Surprisingly, this ruling has caused mass demonstrations against the jailing of these “pirates,” and moreover, the has apparently caused many young Swedes to affiliate with ‘The Pirate Party', a new political party that supports free file sharing for non-commercial use. According to press reports I have read, support for the Pirate Party had now surpassed that of the Swedish Green Party. (Huh, here we are, back on politics.) I find this fascinating because it strongly suggests that those who so firmly believe that “content is yearning to be free” (even if – surprisingly -- the contents of their own homes does not), will seek such homeostasis through political change. And why not? If people so strongly believe that the content created by others should belong to all – and not to those who created it alone – let’s put this thing to a vote. We know how Charles DeVore would vote.

Technology On the Horizon – And now for the coup de grace: Bittorrent tracking sites such as the Pirate Bay are on the verge of obsolescence. The technology poised to overtake them includes applications such as the Tribler, which – unlike those bittorrent file sharing applications that need to be pointed at torrent tracking sites such as the Pirate Bay, conducts its searches over a network of fellow bittorent users, thereby avoiding the centralized tracking sites entirely. Moreover, with applications such as iPredator, downloading can happen anonymously, meaning that copyright owners and prosecutors will have an even more difficult time locating the infringement and the infringers. Chuck DeVore, party of one? Your table is ready.

One last note: We’ll be discussing the inconvenient mismatch between the real world of P2P file sharing and copyright jurisprudence at the next meeting of BC Edge, April 29, 2009 at 12 noon Pacific Time. If you’d like to opine on whether copyright owners can survive in an era of fast evolving, dynamic, disruptive innovation, and whether the fair use doctrine should apply to file sharing, just send me an email and I’ll respond with the call-in number and pass code. My email is

Tuesday, April 7, 2009

Second Circuit Revisits Key Word Debate

Breaking News (if you consider it still “breaking” when in fact it occurred a couple of days ago).

The Second Circuit – the only court to firmly hold that key word advertising does not constitute trademark infringement – has overturned a lower court’s decision to dismiss Rescuecom Corp.’s trademark infringement claim against Google based on precisely such facts (e.g. selling the term Rescuecom as a keyword to Rescue’s competitors), and remanded the case for further proceedings. (Rescuecom Corp. v. Google Inc., case number 06-4881).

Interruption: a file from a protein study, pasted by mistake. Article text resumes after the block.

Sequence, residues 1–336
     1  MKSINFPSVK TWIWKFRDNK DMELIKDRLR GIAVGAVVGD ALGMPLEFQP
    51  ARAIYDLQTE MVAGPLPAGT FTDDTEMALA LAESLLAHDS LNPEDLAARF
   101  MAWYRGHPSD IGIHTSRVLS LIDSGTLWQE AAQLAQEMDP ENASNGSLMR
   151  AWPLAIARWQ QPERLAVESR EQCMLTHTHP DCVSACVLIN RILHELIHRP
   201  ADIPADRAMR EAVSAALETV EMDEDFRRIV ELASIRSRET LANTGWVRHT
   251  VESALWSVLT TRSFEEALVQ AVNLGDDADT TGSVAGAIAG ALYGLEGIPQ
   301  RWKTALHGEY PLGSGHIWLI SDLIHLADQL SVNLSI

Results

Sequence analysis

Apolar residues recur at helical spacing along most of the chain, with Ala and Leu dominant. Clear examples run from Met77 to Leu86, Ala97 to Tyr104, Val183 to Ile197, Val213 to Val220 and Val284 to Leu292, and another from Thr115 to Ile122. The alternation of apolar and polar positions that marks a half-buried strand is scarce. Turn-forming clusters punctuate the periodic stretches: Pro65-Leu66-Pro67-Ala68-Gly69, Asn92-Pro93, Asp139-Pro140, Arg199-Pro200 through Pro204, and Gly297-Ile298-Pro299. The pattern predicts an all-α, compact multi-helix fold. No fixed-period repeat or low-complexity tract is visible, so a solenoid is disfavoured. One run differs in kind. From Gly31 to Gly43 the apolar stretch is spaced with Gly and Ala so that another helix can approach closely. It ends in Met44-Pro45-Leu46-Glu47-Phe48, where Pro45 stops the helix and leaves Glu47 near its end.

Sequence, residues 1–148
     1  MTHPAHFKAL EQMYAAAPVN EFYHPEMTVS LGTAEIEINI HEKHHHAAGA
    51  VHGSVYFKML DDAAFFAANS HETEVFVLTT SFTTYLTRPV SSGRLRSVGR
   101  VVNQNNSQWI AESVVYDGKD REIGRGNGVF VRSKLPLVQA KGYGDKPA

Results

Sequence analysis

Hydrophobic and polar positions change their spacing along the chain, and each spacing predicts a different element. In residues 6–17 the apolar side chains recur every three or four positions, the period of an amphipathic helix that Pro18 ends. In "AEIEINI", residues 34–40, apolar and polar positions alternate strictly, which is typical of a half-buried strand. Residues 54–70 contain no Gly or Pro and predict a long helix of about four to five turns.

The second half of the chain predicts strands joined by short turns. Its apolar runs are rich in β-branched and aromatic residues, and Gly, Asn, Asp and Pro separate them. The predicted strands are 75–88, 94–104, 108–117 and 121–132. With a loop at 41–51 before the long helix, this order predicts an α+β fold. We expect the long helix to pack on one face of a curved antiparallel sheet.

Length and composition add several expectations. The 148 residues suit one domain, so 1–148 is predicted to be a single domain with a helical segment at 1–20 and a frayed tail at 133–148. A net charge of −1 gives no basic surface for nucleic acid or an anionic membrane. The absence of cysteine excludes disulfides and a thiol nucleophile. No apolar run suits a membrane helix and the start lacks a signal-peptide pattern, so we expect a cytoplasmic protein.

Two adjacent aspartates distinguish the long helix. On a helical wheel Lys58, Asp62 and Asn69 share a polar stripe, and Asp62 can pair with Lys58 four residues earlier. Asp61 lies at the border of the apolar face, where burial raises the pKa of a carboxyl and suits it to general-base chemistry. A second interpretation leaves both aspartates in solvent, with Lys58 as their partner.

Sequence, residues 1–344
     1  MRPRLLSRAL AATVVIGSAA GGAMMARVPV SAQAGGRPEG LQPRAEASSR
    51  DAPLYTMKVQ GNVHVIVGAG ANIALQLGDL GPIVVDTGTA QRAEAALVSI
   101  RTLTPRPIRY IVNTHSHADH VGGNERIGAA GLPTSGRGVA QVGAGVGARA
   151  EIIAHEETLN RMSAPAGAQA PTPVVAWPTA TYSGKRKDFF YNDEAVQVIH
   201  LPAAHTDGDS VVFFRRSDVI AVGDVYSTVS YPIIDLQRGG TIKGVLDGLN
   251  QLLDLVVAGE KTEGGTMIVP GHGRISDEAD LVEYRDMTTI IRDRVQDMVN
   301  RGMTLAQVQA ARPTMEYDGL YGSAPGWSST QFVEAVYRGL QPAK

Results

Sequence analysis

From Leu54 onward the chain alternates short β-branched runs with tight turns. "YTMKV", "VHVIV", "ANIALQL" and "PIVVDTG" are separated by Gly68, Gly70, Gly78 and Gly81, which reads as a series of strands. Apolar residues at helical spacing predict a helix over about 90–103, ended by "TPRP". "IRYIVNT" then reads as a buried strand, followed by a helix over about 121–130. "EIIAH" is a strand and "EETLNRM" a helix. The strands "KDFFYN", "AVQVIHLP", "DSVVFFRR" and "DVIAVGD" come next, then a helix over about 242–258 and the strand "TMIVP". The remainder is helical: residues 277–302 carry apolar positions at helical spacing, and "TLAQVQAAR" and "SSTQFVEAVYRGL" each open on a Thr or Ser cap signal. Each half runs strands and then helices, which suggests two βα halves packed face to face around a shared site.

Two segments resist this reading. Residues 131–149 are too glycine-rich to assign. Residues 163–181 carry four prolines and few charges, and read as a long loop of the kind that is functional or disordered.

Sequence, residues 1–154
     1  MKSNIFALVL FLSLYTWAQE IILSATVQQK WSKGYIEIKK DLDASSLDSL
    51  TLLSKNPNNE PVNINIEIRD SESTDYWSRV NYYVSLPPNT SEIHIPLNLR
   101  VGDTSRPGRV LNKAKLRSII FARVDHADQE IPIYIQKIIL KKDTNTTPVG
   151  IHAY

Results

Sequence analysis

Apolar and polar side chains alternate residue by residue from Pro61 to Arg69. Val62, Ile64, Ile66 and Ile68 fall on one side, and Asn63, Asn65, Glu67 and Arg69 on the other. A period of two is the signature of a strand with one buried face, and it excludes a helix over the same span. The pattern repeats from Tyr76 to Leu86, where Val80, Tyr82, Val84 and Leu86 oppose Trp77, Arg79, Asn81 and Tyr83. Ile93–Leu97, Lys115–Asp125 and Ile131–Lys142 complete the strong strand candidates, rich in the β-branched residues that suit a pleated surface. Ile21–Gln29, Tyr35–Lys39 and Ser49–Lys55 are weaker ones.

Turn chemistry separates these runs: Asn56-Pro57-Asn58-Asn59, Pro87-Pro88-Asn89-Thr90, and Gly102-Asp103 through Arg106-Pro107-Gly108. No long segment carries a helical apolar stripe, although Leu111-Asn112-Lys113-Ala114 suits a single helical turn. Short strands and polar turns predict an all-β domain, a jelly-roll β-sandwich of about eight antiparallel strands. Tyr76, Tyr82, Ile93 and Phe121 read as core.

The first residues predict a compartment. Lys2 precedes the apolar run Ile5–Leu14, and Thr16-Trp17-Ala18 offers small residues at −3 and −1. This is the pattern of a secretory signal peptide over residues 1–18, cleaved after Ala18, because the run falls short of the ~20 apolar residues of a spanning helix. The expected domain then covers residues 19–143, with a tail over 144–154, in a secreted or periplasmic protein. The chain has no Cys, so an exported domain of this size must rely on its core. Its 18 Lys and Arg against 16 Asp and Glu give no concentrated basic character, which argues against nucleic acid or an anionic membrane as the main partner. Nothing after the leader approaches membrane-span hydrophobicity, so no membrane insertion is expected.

In making this ruling, the Second Circuit stated that, by selling the Rescuecom’s mark as a keyword to advertisers, Google’s conduct was likely to cause confusion, at least with respect to search-engine users who searched for Rescuecom’s trademark on Google. This, the Court found that Rescuecom had adequately alleged a Lanham Act claim. The Court however did not express any opinion as to whether Rescuecom could prevail on that claim.

You will recall, the Second Circuit previously ruled in 1-800 Contacts Inc. v. Inc. that WhenU’s triggered pop-up adds touting 1-800s competitors did not constitute trademark infringement because it was not a “use in commerce” as required under the Lanham Act. To a large degree, that case turned on the fact that WhenU did not use, display, or sell the 1-800 trademark to competitors. Here, however, Google is alleged to do all this and more.

We’ll see where this goes. It will be particularly interesting given the fact that the Second Circuit has been in the minority with respect to key word cases.

Another Opinion Copyright Ownership In the Era of BitTorrent

I recently wrote about an artist who tried to gather support for a national day of “dining and dashing” to promote what he considered to be the injustice copyright owners face in the era of BitTorrent. There is no doubt that there currently exists an inconvenient mismatch between the real word of P2P file sharing and copyright jurisprudence, and that this inevitably leads to the question: can copyright ownership survive in an era of fast evolving, dynamic, disruptive innovation and should it?

Now a new book tackles this very question. Entitled Against Monopoly, and written by two econ professors at Washington University, David K. Levine and Michele Boldrin argue that intellectual property rights may stifle – rather than encourage – innovation, claiming that competition requires some degree of imitation.


As I argued in my last post on this issue, Professors Levine and Boldrin would seem to agree that even with P2P file sharing, musicians for example have an ancillary ability to make money off of their work, for example by using their increased popularity (that comes from easy access – read no coast – to their music) to sell more concert tickets, tee-shirts, etc.

While I wouldn’t go as far as they by suggesting we abandon the Copyright Act (far from it), I do think it needs some revision in order to allow for the reality of easy access to material in the Digital Age. Maybe the solution is to levy significant taxes on file-sharing companies such as BitTorrent, and use those proceeds to the artists whose works fuel these P2P sites. OK, that sounds pretty unworkable, even as I write it. But then again, what’s your bright idea?